Home / Projects / housing / Erve Wink

Erve Wink

A historic Saxon farm, formerly owned by the family Wink, has made way for an idyllic group of 8 new homes: Erve Wink. The original Drenthes Court served as a source of inspiration for the design of this court and the houses. Think of a vibrant plot of land with a farmhouse and several outbuildings, surrounded by lush greenery in a picturesque rural setting. Together they formed a continuous unit around the ash tree. A picturesque landscape of sublime fields, where the land tells its age-old story and the soft contours of the undulating terrain reveal a timeless beauty.

architect: Pieter Brink / client: ErfGoed BV / completion: 2019

spatial values

Erve Wink consists of spacious private plots, surrounded by a lush green communal space that offers space for a beautiful rural design. Thanks to this extensive space, the yard offers much potential for further natural beautification and addition.


The modern homes at Erve Wink, ranging from detached gems to charming terraced houses, are constructed with materials and shades that pay tribute to the Saxon farms that you still find around Drenthe today. Erve Wink is a contemporary tribute to this traditional Drenthe architecture.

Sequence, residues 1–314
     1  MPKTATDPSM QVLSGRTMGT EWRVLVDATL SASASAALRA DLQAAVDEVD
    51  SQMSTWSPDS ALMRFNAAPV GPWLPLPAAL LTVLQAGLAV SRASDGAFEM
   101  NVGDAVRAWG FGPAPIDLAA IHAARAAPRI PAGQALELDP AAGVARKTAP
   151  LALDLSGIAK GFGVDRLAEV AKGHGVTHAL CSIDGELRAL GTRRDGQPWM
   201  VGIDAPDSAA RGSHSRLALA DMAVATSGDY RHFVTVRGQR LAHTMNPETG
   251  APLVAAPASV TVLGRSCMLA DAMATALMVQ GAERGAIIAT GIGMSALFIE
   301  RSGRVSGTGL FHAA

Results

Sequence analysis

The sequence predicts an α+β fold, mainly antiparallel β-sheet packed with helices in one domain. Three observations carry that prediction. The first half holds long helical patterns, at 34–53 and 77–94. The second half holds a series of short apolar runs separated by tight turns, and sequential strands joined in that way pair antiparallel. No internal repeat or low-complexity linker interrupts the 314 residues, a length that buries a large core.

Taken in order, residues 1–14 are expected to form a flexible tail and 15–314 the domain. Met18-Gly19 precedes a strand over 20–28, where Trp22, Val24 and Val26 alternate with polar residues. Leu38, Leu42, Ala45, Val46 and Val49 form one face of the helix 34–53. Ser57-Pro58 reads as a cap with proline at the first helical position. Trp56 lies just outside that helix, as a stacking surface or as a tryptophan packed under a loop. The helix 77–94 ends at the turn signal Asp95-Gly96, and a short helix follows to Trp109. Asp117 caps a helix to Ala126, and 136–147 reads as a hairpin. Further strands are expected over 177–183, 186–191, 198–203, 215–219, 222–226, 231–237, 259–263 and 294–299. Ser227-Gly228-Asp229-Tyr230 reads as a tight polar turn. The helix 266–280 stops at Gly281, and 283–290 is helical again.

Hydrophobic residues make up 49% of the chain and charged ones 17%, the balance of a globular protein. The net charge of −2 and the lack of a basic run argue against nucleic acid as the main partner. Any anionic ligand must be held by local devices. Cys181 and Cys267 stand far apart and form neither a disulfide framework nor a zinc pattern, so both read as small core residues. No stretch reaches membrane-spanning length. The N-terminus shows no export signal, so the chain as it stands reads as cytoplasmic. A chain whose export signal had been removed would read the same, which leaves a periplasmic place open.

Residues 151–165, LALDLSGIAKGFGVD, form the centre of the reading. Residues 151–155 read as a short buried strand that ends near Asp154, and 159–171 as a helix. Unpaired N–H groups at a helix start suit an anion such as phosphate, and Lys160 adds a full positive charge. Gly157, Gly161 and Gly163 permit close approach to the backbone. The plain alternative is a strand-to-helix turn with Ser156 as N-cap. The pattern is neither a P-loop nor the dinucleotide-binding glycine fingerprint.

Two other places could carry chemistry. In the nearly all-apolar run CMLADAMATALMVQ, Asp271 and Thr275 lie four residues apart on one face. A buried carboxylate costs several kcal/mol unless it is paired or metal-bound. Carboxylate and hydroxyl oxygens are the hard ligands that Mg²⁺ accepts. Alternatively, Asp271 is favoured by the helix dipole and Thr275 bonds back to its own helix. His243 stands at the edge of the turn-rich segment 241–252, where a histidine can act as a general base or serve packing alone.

Typical of Erve Wink are extensive gardens lined with beech trees and hawthorn hedges. Hawthorn in particular has historically had a functional role in Drenthe, and not for nothing: it is a compact hedge that kept livestock and unwanted guests out. In the current context, a hedge can function not only as an ideal breeding ground for small birds, but also offers privacy to residents.


Beyond the hedge there is enough space for your own vegetable garden, raising chickens or holding garden parties. Wooden fences in the various gardens provide access to the adjacent orchard and playground, with which Erve Wink creates a seamless transition between natural elements and personal living spaces.


Erve Wink draws inspiration from the traditional agricultural building culture, where the core is a Saxon farmhouse, often thatched, surrounded by a functional yard with associated feed sheds and cattle stalls. The original materials were characteristically low-profile, robust and came from the local environment, driven by the need for practical use. A striking difference from traditional architecture is that the houses do not face the road, but rather the courtyard.


The private garden, which guarantees both peace and a picturesque view, is therefore oriented towards the shrubbery and communicates with the public space. At Erve Wink, authentic materials and color palettes form the basis for the new construction with a nod to the past, where already, oak, burnt clinkers, cobblestones and rain boards, among other things, come to life in a modern guise.